Will the Supply of Lithium Meet Battery Demands?

Critical shortage, surplus, or just right? The complexities of the lithium supply chain runs into uncertainties in electric vehicle acceptance.

According to the 2018 U.S. Geological Survey (USGS), Mineral Commodity Summaries for 2018, “Lithium supply security has become a top priority for technology companies in the United States and Asia.” The USGS went on to say, “Strategic alliances and joint ventures among technology companies and exploration companies continued to be established to ensure a reliable, diversified supply of lithium for battery suppliers and vehicle manufacturers.” Recently car companies like BMW, Volkswagen, Nissan, Toyota, Tesla, BYD, Dongfeng, and Great Wall have expressed concerns about their future sources of lithium during coming decades with battery-powered electric vehicles.

Globally, the end-use for lithium is 46% batteries, 27% ceramics and glass, 7% lubricating grease, 5% polymer production and several other industrial uses, each under 5%. It’s the use in batteries that has grown dramatically, both as a percentage and also in outright tonnage. The price for lithium has followed this growth, increasing 61% from 2016 to 2017.

The rapid growth in demand and price increase is making auto manufacturers nervous. In January of this year Toyota Tsusho (a Toyota Group trading company) announced that they would become a 15% shareholder in Orocobre Limited, a mining company with a lithium brine facility in Argentina. Chinese carmaker Great Wall late last year took a stake in Pilbara Minerals, an Australian lithium hard rock mining company. In February of 2018, Pilbara also made agreements to supply spodumene concentrate to POSCO, a South Korean manufacturer of lithium ion battery materials. BMW was also reported in the German press to be close to signing a ten year deal that would ensure its supply of lithium.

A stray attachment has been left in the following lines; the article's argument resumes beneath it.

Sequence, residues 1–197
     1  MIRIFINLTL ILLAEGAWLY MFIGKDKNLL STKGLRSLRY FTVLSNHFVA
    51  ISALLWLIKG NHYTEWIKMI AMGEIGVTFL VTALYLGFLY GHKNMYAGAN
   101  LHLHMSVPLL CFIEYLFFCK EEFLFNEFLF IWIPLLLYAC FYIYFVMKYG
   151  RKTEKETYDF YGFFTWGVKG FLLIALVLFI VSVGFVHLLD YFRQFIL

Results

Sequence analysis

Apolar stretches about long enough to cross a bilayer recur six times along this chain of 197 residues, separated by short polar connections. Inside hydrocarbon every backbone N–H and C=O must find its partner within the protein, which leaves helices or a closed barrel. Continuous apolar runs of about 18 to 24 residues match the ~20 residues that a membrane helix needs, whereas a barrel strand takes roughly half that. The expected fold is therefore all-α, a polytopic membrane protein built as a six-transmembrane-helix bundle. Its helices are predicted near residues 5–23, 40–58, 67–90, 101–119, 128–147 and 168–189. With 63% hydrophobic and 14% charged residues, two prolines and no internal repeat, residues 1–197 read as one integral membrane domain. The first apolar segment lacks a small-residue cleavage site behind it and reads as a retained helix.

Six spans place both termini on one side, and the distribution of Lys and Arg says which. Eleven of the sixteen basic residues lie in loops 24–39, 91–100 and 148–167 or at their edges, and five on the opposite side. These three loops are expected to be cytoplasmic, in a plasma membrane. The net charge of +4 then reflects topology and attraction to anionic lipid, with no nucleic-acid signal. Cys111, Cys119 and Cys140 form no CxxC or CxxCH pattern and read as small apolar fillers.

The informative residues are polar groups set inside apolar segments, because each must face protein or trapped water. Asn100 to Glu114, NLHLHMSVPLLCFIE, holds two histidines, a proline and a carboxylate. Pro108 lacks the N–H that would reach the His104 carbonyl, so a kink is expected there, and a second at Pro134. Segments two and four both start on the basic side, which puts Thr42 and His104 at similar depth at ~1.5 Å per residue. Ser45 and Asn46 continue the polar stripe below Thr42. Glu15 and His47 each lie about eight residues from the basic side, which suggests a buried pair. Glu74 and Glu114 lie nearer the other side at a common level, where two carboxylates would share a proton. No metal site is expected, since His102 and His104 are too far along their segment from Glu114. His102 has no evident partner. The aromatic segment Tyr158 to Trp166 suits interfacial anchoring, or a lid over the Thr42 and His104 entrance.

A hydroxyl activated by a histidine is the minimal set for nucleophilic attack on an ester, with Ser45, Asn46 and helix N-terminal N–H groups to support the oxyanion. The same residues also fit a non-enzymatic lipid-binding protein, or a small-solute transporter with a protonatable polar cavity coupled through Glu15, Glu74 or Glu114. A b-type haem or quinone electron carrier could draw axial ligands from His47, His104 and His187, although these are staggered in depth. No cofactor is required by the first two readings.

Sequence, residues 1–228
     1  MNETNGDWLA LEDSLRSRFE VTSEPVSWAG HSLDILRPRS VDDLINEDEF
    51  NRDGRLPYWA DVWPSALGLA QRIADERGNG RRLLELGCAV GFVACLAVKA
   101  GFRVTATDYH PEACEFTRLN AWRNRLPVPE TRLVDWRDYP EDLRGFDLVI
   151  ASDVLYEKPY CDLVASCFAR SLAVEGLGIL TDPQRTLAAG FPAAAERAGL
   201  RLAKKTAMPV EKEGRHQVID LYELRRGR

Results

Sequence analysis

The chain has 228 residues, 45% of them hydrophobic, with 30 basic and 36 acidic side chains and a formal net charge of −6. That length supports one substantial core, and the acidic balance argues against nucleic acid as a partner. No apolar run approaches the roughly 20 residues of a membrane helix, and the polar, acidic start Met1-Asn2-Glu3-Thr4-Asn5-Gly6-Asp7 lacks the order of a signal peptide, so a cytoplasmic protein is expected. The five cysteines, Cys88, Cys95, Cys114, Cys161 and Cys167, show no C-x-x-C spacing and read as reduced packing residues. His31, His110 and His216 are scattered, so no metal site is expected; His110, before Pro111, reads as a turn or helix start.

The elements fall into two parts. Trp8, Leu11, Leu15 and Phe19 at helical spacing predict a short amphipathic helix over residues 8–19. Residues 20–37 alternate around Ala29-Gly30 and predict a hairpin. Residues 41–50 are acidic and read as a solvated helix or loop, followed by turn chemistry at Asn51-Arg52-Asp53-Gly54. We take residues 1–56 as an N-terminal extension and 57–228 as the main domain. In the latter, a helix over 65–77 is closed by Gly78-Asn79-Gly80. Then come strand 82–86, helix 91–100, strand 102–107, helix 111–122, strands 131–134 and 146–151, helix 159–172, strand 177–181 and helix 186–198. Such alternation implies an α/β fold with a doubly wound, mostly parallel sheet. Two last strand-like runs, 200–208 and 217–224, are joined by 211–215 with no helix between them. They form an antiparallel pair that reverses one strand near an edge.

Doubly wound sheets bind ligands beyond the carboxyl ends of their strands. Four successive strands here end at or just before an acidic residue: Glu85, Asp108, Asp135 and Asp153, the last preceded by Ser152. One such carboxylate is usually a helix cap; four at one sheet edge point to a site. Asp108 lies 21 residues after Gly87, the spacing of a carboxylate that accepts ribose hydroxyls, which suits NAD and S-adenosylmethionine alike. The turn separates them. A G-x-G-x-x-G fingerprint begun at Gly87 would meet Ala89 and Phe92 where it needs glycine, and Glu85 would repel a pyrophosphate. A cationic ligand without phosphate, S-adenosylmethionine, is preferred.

On March 13, 2018, Volkswagen AG, in a press release announced that 16 locations around the world would be producing electric vehicles by 2022. The company also announced that partnerships with battery manufacturers for Europe and China had resulted in contracts totaling more than 20 billion Euros (approximately $24.7 billion U.S. dollars). A decision about North American battery suppliers was expected later.

The push to lock in a supply of lithium is based on the forecast for dramatic growth in the uptake of electric vehicles (currently about 1% of the market in both the U.S. and China). At least one investment bank, Morgan Stanley, however, expects that EV growth won’t meet expectations, resulting in an oversupply of lithium and reduction in the metal’s price. As reported in a recent Design News story, the pace of growth of EV sales in the U.S. could depend on the direction the U.S. government takes on future fuel economy regulations.

The fear of an oversupply and a price crash for lithium was countered in the January Benchmark Mineral Intelligence research note that indicated that while lithium feedstock supplies are increasing, the effect of the demand from automakers has not yet become a significant part of the equation. The research note sated, “Therefore, while this auto speculation aids the upward trajectory of lithium’s price curve, it is not yet the defining factor. Real lithium supply and demand—producers selling to cathode manufacturers—is what is driving this price. The auto majors are yet to enter this “real” market.”

Although much of the focus has been on the auto industry, the use of lithium batteries for grid storage, such as Tesla’s Hornsdale Power Reserve in South Australia, as reported in Design News, also promises to increase demand to lithium into the future. Large scale projects have been announced at locations around the globe, and battery systems of 100 megawatt-hours or more require amounts of lithium equivalent to the amount needed for several thousand electric vehicles.

 

Hornsdale Power Reserve uses a 129 megawatt-hour lithium ion battery produced by Tesla for grid storage (Image source: Tesla)